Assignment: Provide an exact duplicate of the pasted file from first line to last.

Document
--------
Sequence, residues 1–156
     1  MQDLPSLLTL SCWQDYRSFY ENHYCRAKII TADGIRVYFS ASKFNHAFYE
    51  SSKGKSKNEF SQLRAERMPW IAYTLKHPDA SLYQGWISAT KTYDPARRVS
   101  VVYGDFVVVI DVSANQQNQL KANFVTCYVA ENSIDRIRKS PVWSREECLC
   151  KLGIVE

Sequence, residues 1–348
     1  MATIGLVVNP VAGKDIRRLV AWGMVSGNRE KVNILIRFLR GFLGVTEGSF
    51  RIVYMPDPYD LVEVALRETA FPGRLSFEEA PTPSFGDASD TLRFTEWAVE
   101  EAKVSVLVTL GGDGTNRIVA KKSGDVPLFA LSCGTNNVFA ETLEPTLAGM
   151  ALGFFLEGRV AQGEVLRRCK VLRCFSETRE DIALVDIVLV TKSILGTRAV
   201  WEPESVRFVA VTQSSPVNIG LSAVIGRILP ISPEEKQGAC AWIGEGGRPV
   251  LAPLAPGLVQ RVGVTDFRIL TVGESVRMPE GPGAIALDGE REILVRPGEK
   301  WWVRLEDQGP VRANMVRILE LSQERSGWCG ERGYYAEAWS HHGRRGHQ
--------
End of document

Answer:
Sequence, residues 1–156
     1  MQDLPSLLTL SCWQDYRSFY ENHYCRAKII TADGIRVYFS ASKFNHAFYE
    51  SSKGKSKNEF SQLRAERMPW IAYTLKHPDA SLYQGWISAT KTYDPARRVS
   101  VVYGDFVVVI DVSANQQNQL KANFVTCYVA ENSIDRIRKS PVWSREECLC
   151  KLGIVE

Sequence, residues 1–348
     1  MATIGLVVNP VAGKDIRRLV AWGMVSGNRE KVNILIRFLR GFLGVTEGSF
    51  RIVYMPDPYD LVEVALRETA FPGRLSFEEA PTPSFGDASD TLRFTEWAVE
   101  EAKVSVLVTL GGDGTNRIVA KKSGDVPLFA LSCGTNNVFA ETLEPTLAGM
   151  ALGFFLEGRV AQGEVLRRCK VLRCFSETRE DIALVDIVLV TKSILGTRAV
   201  WEPESVRFVA VTQSSPVNIG LSAVIGRILP ISPEEKQGAC AWIGEGGRPV
   251  LAPLAPGLVQ RVGVTDFRIL TVGESVRMPE GPGAIALDGE REILVRPGEK
   301  WWVRLEDQGP VRANMVRILE LSQERSGWCG ERGYYAEAWS HHGRRGHQ